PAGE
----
It is sadly striking that the correlation between the patient number and the gravity of the economic depression. I cannot help wondering about how the recent financial crisis circa 2007 affects our mental health. At least, it hasn't been the easiest period for an immigrant like me.

Each state hospital cemeteries in Massachusetts has its own system in numbering the deceased. For example, Metfern Cemetery in Waltham (a final resting place for some of the patients in the Metropolitan State Hospital and Fernald State School) sorts gravestones by religion: a gravestone inscribed as "C + number" meant the deceased was a Catholic, and "P + number" was a Protestant.

The Foxborough has two sets of number in one gravestone. For example, the face of one certain gravestone is inscribed with 5 digit number (i.e. 12537), and the other side has 3 digit number (i.e. 278). According to Asylum Projects, the 5 digit number indicates the patient ID number, and the 3 digit indicates the order of burials took place. Please examine the following pictures:

Patient Number 12537
Patient 12537 was 278th in burial

The cemetery claims that "those who remained in the state care even in death would have the dignity of a proper burial." What is their definition of a "proper burial", I thought. Doesn't a proper burial mean providing a gravestone with his name, the date of birth and the date of death? Even if the hospital couldn't find a patient's name and the date of birth, they could at least provide the date of death. I'm not sure whether providing "John Doe" with DOD would constitute a burial with dignity, but I do not think gravestones with numbers only constitute my definition of a proper burial.

On the other hand, the case with the Northampton State Hospital in Northampton, MA is an absolute history of neglect. The detail of burial is uncertain because the records have been missing or stolen; there is even  a possibility no one with authority tried to document ! The burial site for the Northampton is currently used as a hey field owned by the Department of Food and Agriculture.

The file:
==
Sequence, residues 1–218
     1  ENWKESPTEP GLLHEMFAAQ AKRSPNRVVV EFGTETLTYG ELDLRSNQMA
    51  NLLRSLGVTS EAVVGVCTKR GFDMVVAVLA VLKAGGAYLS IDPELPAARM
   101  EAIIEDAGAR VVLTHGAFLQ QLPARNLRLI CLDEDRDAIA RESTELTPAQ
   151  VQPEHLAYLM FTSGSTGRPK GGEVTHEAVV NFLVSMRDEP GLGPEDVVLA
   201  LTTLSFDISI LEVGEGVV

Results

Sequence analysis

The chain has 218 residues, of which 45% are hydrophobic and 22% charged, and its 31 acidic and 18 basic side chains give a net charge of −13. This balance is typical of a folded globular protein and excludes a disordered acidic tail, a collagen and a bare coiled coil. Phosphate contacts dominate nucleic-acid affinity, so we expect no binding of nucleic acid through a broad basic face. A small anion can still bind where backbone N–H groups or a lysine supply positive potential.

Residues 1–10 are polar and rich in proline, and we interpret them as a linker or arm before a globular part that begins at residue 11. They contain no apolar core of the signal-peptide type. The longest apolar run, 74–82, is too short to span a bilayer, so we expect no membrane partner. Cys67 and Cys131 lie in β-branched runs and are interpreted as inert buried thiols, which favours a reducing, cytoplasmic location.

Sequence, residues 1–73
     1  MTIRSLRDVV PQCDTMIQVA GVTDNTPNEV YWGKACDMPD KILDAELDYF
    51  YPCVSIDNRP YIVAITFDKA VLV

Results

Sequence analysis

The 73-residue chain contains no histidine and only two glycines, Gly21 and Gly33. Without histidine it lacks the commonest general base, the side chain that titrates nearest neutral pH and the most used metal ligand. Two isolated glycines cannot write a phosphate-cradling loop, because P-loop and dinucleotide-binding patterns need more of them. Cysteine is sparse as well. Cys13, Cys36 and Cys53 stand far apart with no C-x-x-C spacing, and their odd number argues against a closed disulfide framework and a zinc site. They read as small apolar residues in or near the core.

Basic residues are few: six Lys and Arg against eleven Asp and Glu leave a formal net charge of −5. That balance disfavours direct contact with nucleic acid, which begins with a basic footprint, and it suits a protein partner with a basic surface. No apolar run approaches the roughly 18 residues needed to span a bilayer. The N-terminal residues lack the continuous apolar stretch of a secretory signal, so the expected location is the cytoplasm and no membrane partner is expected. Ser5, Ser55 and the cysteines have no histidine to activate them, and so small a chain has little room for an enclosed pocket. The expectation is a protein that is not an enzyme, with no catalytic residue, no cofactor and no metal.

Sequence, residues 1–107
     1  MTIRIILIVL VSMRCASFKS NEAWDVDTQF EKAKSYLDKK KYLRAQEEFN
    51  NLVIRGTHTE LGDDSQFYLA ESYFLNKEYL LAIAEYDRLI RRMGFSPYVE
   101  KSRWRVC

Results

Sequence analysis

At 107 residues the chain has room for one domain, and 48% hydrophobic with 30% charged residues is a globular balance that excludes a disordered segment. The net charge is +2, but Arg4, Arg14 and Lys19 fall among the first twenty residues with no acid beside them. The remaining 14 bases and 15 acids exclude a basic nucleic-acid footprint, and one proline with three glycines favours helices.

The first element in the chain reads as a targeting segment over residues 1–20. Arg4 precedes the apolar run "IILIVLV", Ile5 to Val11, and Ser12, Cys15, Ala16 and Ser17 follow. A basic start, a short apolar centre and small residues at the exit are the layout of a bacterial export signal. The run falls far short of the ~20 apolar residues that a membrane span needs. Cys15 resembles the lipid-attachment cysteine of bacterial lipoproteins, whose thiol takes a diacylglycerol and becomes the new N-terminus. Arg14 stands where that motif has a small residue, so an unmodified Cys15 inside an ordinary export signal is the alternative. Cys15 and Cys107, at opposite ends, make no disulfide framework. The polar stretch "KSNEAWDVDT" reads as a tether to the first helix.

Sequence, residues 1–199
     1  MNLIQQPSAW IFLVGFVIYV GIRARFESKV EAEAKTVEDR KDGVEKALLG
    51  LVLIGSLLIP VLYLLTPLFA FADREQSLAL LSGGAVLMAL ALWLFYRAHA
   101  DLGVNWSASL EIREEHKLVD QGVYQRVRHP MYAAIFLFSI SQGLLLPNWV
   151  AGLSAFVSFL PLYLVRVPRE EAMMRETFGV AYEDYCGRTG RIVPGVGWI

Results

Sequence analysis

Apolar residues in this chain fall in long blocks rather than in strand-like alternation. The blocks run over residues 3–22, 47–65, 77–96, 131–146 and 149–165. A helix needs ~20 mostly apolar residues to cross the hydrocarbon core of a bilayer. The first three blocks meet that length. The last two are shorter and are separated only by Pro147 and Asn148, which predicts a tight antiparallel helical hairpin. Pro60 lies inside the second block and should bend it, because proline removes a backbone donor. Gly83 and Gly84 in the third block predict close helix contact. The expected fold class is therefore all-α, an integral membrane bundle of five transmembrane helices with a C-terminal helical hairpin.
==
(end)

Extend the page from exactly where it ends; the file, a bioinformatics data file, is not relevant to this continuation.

However, as with the case of some state hospital cemeteries in Massachusetts, it is possible to recollect the documents and accompany new gravestones with names at the Foxborough; there was no single gravestone with a name at the cemetery.


Continue to Foxborough State Hospital Cemetery II

Locate Foxborough State Hospital Cemetery @ Google Map

Click picture to enlarge

Foxboro State Hospital, Asylum Projects:
A brief history of the burial site, NSH Burial Site Project:

Thursday, April 14, 2011

Foxborough State Hospital, Foxborough

The predecessor of the Foxborough State Hospital, the Massachusetts Hospital for Dipsomaniacs and Inebriates was established in 1889 to retreat and cure alcoholics. Did the society regard those who succumbed to alcoholism as the casualty, sinner, lunatic or criminal? That was the first question when I saw this antiquated hospital name.

Located 20 mile (32km) south of Boston, the town of Foxborough now hosts the stadium for the New England Patriots. Driving through cranberry bogs looked like blood pools, the marshlands reminded me that it was getting close to the infamous Bridgewater Triangle.

After 1905, the Massachusetts Hospital for Dipsomaniacs and Inebriates went through a gradual transition to a psychiatric institution. By 1914, all the alcoholic patients were transferred to the Pondville State Hospital (aka the Norfolk State Hospital), some 50 mile southeast of Foxborough. And the inebriate hospital in Foxborough became the Foxborough State Hospital.

After less than 10 years of operation as a hospital specialized in alcoholism (and drug addiction), the Pondville was under the influence of history. The aftermath of World War I had affected American society; the federal government took over the hospital in 1918 to treat soldiers with PTSD related mental problems.

The Massachusetts Hospital for Dipsomaniacs and Inebriates was constituted with a few isolated wards. After the transition to the Foxborough State Hospital, the building blocks were connected by hallways functioned as day rooms. In addition, numerous isolated buildings and facilities such as coal generated power plant, laundry, staff housing, sewage treatment plant, and TB sanatorium dotted the campus.